2022 brought baseball fans a handful of gifts, headlined by Aaron Judge’s all-around excellence and Shohei Ohtani continuing to be Shohei Ohtani. But a few months of Albert Pujols’s farewell season were just as historic. Serving as designated hitter for his old team, the St. Louis Cardinals, Pujols put up one of the great old-guy campaigns ever in an unprecedented comeback from a yearslong slump. There have been few hitters of Pujols’s caliber in MLB history, period; the list of them who have languished around replacement level for years before reclaiming something like their elite form is, well, just Pujols.
Now that Pujols is retired, can anyone else pull off a similar feat in 2023? Baseball doesn’t often deliver such lightning in a bottle twice, but it’s fun to dream. The sport is never short on former mashers playing out the latter years of their career in a reduced state, and the 2023 season brings two natural candidates: Miguel Cabrera and Joey Votto, a pair of first basemen who’ve spent their careers doing a pretty good Pujols impression, both in prime performance and in declining sharply as they got older.
Cabrera, who turns 40 in April, has seen his past few years with the Detroit Tigers marred by a mix of injury and underperformance. And just like Pujols did before last season, Cabrera has said this next one will be his last as a player. Meanwhile, a 39-year-old Votto will play the last guaranteed year of his own contract with the Cincinnati Reds. Votto only played in 91 games last year and did not play them well, stumbling to the worst season of his career. Cabrera’s several years of decline suggest he doesn’t have another big year in him, and Votto’s recent arc suggests the same. But again, Pujols was a well-below-average hitter for five whole years before pulling off a magical 2022: From 2017 to 2021, his adjusted on-base plus slugging percentage was 13 percent below league average. Somehow, he found more in the tank in St. Louis.
There’s nobody quite like Pujols, but Votto and Cabrera have mimicked him for a long time. Votto’s career adjusted on-base plus slugging percentage is a dead match with Pujols’s at 145, equating to 45 percent above league average,1 while Cabrera is just behind at 142. They’re all among the handful of most productive first basemen and designated hitters of the 21st century, a group that also includes 2022 All-Star Freddie Freeman and National League MVP Paul Goldschmidt. Pujols had the second-most valuable seven-year peak by a first baseman ever according to Baseball-Reference.com’s JAWS metric, behind only Lou Gehrig’s best years, but Votto’s and Cabrera’s peaks years will eventually put them near Pujols in the Hall of Fame.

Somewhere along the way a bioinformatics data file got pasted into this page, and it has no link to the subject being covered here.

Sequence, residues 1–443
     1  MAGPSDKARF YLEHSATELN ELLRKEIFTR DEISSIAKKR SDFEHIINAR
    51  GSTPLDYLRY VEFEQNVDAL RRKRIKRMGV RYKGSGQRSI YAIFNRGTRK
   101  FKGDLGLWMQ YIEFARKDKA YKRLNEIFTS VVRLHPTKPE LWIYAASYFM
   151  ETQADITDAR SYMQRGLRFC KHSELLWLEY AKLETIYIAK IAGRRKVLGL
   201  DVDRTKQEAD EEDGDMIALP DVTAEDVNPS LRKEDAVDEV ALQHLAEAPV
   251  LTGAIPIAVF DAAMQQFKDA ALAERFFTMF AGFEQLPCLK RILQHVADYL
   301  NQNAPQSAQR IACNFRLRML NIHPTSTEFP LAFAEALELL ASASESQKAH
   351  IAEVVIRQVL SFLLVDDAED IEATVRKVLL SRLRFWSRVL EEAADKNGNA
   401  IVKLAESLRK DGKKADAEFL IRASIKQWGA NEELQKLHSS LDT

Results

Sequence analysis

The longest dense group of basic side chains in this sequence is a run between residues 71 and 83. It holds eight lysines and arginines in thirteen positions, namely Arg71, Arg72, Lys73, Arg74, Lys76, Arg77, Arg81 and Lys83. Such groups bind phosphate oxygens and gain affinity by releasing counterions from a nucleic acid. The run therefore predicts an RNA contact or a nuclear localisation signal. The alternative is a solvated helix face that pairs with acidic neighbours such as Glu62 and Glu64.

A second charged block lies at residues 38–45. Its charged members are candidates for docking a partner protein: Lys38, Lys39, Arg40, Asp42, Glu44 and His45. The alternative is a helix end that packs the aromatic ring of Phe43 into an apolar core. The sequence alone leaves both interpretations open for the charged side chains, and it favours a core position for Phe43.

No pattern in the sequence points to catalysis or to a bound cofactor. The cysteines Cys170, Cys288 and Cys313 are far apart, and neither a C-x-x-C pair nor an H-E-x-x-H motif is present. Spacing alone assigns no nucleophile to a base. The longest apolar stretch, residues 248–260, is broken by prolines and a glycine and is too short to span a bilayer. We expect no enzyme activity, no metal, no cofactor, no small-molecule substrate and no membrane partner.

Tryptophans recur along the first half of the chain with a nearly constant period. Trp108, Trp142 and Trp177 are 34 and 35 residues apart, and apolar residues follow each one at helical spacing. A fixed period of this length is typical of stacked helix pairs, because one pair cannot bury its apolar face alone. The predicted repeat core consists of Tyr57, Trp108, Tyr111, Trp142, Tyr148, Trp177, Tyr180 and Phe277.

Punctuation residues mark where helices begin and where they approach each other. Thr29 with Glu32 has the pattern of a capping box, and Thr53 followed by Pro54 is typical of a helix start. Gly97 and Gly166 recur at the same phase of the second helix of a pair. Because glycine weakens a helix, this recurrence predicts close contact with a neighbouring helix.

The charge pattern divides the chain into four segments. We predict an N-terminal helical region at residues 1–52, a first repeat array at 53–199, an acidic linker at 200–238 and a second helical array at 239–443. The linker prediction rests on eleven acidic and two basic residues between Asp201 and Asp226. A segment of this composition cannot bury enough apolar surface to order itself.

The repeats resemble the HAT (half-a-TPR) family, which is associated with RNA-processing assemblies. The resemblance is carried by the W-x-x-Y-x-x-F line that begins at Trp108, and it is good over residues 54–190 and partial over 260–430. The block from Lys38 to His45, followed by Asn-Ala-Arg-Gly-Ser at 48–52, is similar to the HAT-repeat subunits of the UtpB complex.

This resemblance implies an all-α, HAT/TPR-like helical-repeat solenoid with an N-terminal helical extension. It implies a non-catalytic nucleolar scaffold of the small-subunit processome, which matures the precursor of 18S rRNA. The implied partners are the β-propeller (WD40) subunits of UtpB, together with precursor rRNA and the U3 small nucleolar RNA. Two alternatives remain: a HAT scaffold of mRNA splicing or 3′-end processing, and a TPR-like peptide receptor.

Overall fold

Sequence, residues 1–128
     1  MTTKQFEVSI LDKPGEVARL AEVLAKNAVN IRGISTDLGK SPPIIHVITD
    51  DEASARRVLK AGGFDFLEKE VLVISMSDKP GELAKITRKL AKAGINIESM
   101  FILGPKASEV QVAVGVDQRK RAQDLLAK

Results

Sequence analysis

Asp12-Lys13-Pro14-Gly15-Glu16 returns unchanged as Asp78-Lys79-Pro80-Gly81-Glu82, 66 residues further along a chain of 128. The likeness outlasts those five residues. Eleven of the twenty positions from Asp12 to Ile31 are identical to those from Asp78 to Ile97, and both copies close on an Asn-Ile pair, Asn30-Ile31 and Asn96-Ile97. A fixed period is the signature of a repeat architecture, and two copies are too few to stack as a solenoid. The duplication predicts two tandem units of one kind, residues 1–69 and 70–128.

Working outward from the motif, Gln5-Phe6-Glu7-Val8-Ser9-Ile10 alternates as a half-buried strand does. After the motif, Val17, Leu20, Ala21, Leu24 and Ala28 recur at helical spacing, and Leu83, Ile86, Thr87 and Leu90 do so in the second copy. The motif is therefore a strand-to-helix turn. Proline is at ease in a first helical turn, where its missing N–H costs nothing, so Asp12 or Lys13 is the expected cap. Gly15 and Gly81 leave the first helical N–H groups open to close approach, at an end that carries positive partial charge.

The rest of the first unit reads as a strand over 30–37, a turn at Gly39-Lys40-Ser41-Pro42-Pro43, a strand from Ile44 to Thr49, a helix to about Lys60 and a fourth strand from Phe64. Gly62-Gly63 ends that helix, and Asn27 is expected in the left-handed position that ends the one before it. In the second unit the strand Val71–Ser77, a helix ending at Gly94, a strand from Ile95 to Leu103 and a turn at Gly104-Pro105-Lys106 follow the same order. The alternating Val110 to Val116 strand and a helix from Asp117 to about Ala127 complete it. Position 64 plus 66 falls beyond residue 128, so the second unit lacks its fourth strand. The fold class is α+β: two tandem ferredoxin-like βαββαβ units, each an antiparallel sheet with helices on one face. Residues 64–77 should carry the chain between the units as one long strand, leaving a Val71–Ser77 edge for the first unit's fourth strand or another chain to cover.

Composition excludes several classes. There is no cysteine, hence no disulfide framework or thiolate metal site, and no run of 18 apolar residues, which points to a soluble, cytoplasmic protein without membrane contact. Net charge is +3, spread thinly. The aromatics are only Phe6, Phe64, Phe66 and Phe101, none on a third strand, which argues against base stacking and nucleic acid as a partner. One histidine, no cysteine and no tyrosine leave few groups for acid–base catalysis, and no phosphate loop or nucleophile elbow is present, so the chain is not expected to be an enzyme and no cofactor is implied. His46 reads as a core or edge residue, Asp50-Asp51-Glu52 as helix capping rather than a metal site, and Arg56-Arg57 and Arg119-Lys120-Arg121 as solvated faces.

Before his 2022 comeback, Pujols was worth 1.8 wins below replacement level over his prior five years, according to Baseball Reference. Cabrera has been worth a comparatively solid negative-1.2 wins above replacement his past five. Votto’s value is still solidly in positive figures across his past five years (8.2 WAR), as 2022 was the first negative-value season of his career. In 2021, a 41-year-old Pujols — older at the time than either Votto or Cabrera will be this year — posted an 89 OPS+. Cabrera and Votto landed at 83 and 87 in 2022. If you are into wishcasting for someone else from Pujols’s cohort to have one last dominant run on his way out of the league, those numbers are telling you there’s a chance.
|Albert Pujols (2021)||41||296||.236||.284||.433||.717||89|
|Joey Votto (2022)||38||376||.205||.319||.370||.689||87|
|Miguel Cabrera (2022)||39||433||.254||.305||.317||.622||83|
Cabrera having a big year feels like about as big a long shot as the prospect felt for Pujols entering 2022, which is to say: It’s unlikely. Cabrera has been a below-average hitter in four of the past six years, and one of the exceptions was the shortened (and thus small-sample-sized) 2020. Cabrera hasn’t truly raked in extensive action since 2016. But Cabrera has also arguably been unlucky. In 2017, he had the majors’ biggest negative difference between his weighted on-base average and expected wOBA based on his quality of contact, as captured by Statcast cameras. His actual wOBA continued to lag his expected figure every year until 2022, when they converged at exactly .275, which put him in the bottom 8 percent of qualified hitters. His average exit velocity of 89.9 miles per hour in 2022 was not Cabrera-like.